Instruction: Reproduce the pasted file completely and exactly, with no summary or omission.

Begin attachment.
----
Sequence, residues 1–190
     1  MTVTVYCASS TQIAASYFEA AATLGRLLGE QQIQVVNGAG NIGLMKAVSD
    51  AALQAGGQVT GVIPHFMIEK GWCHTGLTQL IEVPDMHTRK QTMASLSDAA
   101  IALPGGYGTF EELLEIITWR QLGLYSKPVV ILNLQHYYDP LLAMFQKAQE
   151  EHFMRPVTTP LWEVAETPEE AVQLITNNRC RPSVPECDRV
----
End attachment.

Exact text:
Sequence, residues 1–190
     1  MTVTVYCASS TQIAASYFEA AATLGRLLGE QQIQVVNGAG NIGLMKAVSD
    51  AALQAGGQVT GVIPHFMIEK GWCHTGLTQL IEVPDMHTRK QTMASLSDAA
   101  IALPGGYGTF EELLEIITWR QLGLYSKPVV ILNLQHYYDP LLAMFQKAQE
   151  EHFMRPVTTP LWEVAETPEE AVQLITNNRC RPSVPECDRV